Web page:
Today’s lecture covered the complexities of how we evolved to be bipedal hominins. The three major features of hominins are bepedal locamotion, big brains, and tool making, all of which evolved in a mosaic fashion over a long period of time. I asked my students which theory of bipedalism they preferred the most – 1) provisioning/carrying, 2) energy efficiency, 3) thermoregulatory, 4) dietary range, and/or 5) sexual selection for males who could provide resources. I reviewed how each of these models works and what pressures were acting on hominins during their evolution away from our last common ancestor about 7 million years ago. The students were really compelled by the provisioning and carrying model, which claims we became bipedal so that we could efficiently carry goods around and bring them back to a homebase. Surprisingly, none were too taken with the thermoregulatory model, which is a well supported theory for what drove us to walk upright. The point of this lecture was to demonstrate how complicated evolution and adaptation can be – I presented a fairly simple example on Wednesday, the finch, and today we continued with hominin adaptations.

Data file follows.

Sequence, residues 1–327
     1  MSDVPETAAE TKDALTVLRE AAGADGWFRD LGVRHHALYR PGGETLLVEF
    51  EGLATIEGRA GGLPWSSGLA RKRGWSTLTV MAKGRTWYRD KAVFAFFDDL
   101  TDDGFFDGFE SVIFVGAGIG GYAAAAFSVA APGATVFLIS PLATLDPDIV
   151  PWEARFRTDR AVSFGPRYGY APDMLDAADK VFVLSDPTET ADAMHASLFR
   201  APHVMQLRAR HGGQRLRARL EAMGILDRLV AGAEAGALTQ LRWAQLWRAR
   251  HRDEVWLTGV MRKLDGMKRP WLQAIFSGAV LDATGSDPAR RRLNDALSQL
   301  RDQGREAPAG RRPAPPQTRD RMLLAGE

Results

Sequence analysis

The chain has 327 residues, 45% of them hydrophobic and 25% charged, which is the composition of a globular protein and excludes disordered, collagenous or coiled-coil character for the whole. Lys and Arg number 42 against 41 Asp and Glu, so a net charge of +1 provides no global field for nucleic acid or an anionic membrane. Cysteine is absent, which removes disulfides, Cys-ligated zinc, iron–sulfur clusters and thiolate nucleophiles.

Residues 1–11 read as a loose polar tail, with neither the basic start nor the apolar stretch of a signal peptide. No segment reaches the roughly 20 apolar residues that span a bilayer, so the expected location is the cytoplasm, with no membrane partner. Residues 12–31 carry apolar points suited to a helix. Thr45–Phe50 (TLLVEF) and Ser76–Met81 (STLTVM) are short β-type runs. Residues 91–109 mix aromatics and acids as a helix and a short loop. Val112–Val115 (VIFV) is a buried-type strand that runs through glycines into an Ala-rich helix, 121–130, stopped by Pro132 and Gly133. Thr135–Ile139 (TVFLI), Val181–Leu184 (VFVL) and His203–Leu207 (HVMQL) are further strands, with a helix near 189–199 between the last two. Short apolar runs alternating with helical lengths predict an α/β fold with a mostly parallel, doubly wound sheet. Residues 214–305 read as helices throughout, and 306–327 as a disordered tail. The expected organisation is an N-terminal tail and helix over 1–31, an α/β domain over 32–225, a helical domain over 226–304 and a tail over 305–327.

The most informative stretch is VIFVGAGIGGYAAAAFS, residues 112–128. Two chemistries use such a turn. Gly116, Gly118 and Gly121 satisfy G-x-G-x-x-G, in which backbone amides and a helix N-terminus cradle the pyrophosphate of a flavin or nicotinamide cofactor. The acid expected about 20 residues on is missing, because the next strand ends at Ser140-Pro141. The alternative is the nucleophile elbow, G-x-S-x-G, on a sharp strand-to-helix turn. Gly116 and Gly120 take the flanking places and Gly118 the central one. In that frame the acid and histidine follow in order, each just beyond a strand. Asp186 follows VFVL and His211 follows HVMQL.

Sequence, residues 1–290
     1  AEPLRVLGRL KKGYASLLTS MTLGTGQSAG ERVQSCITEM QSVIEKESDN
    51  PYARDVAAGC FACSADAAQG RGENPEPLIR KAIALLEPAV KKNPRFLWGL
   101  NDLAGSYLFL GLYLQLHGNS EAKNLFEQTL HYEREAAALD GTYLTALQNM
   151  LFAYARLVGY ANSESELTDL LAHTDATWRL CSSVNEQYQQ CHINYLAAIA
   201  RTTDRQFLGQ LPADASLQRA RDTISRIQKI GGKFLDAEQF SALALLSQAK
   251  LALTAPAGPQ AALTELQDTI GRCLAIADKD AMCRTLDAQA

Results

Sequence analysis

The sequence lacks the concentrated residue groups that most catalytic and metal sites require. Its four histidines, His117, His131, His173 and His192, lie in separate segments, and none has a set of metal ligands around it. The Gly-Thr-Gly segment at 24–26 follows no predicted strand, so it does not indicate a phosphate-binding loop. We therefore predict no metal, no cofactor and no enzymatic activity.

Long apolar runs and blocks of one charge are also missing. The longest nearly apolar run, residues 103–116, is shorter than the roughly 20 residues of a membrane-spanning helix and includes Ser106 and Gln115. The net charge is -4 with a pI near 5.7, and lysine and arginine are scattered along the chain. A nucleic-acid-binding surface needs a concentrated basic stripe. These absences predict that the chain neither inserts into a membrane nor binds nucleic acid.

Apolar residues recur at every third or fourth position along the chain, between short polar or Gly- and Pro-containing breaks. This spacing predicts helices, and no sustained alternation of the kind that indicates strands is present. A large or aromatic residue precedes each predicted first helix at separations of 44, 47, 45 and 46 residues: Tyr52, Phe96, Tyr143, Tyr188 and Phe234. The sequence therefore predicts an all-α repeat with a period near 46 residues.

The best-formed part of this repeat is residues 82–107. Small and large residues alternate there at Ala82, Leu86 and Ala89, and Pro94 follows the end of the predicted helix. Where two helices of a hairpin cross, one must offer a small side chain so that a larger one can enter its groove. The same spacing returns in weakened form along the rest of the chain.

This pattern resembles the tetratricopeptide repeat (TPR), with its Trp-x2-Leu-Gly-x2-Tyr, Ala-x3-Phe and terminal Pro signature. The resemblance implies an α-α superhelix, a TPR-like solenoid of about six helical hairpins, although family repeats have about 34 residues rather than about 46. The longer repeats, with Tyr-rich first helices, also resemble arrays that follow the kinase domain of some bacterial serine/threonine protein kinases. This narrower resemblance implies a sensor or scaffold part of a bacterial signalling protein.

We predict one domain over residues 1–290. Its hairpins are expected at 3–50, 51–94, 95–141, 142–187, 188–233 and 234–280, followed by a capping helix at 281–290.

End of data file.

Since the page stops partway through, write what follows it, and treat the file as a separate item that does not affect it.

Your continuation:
Moving forward, we’ll consider primate evolution and then hominin evolution from the fossil record. Fun stuff!